Life Cycle
All products and services go through periods of growth, maturity and decline. IBISWorld determines a life cycle by considering factors such as pricing trends, the level and speed of product or service change, the extent of a product's distribution and the maturity of marketing trends.
Market Share Concentration
Determined by the market share of the top four vendors for a given product or service: high is when the top four vendors account for more than 50.0% of the product or service market share, medium is from 30.0% to 50.0%, and low is less than 30.0%.
NAICS
The North American Industry Classifications System is the standard by which industries (not products) in the United States, Canada and Mexico are classified.
Price Driver Volatility Level
Determined by the average absolute difference in the percentage change of input cost items and external demand drivers over the past three years: high is 3.5% or greater for all drivers, medium is from 2.0% to 3.4% for all drivers, and low is 1.9% or less for all drivers.
Price Range
The difference between the upper and lower price bounds divided by the benchmark price: wide is greater than 50.0%, medium is from 25.0% to 50.0%, and narrow is less than 25.0%.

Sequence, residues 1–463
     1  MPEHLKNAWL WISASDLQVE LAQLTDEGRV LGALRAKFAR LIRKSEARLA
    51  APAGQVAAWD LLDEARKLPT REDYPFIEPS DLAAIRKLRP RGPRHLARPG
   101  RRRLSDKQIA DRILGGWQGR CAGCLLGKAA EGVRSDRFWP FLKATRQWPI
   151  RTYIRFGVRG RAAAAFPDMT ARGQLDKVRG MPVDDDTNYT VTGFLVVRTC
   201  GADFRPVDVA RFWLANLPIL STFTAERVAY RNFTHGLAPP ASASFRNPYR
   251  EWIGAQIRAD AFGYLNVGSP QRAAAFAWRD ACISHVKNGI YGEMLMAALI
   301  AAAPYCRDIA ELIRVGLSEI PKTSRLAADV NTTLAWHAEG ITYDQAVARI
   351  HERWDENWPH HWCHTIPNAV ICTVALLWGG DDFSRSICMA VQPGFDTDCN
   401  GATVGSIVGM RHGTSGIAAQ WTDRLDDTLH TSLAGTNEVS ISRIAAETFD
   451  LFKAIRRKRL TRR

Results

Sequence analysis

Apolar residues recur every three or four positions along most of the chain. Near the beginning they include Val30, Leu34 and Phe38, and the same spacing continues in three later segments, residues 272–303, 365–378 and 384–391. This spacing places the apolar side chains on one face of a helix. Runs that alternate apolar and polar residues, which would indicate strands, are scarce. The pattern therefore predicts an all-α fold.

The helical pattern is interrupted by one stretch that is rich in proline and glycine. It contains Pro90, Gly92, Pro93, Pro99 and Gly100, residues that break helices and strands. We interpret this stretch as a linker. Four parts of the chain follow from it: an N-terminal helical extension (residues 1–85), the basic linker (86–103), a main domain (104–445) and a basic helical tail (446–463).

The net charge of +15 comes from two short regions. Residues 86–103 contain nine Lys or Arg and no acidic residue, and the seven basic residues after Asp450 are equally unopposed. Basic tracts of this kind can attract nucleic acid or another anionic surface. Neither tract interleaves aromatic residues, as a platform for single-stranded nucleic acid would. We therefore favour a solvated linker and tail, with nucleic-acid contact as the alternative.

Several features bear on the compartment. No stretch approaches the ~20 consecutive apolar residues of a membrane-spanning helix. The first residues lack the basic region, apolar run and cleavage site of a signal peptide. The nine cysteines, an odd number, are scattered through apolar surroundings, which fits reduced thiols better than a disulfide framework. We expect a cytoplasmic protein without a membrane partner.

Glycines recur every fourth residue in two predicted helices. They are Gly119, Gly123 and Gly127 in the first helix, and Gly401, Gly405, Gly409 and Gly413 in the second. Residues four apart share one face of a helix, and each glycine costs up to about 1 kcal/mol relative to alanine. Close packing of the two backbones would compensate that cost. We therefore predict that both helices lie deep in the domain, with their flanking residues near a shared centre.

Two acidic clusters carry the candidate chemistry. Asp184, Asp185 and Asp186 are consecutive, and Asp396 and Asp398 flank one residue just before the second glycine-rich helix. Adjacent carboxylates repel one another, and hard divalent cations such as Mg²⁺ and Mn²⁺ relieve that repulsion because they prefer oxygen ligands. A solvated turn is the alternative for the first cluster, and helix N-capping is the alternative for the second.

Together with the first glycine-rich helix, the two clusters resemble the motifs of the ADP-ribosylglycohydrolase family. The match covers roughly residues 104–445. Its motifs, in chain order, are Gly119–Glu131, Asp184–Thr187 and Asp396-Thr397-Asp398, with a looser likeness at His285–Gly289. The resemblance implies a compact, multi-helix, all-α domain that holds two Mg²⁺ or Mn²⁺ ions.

Price Volatility Level
Determined by the average absolute difference in the percentage change of the benchmark price over the past three years: high is 3.5% or greater, medium is from 2.0% to 3.4%, and low is 1.9% or less.
Producer Price Index (PPI)
This index represents the change in the amount that producers receive for their products or services, as opposed to the prices that consumers pay for them.
Profit
IBISWorld uses earnings before interest and tax (EBIT) as an indicator of a company's profitability. It is calculated as revenue minus expenses, excluding interest and tax.
Profit Level
Determined by the average profitability of the industry in which a product or service vendor operates, compared to the average profit margin for all industries in the US. There are around 700 industries in the US classified using the NAICS taxonomy (see NAICS).
Total Cost of Ownership Level
Determined by the total cost of ownership as a percentage of the benchmark purchase price per year: high is when the total cost of ownership is greater than 100.0% of the benchmark purchase price per year, medium is from 50.0% to 100.0%, and low is less than 50.0%.
UNSPSC
Coding for each report title is based primarily on the United Nations Standard Products & Services Code. The code is a hierarchical classification codeset of expenditure items.
Wages
The gross total wages and salaries of all employees in the industry. The cost of benefits is also included in this figure.
Z-Score
The Altman Z-score formula is used to help predict a company's chances of going bankrupt within the next two years. The Z-score uses multiple corporate income and balance sheet values to measure the financial health of a company. Z-scores above 2.9 are defined as having a low financial risk level; scores between 1.23-2.9 are at a medium risk level and scores below 1.23 are a high financial risk level.
clear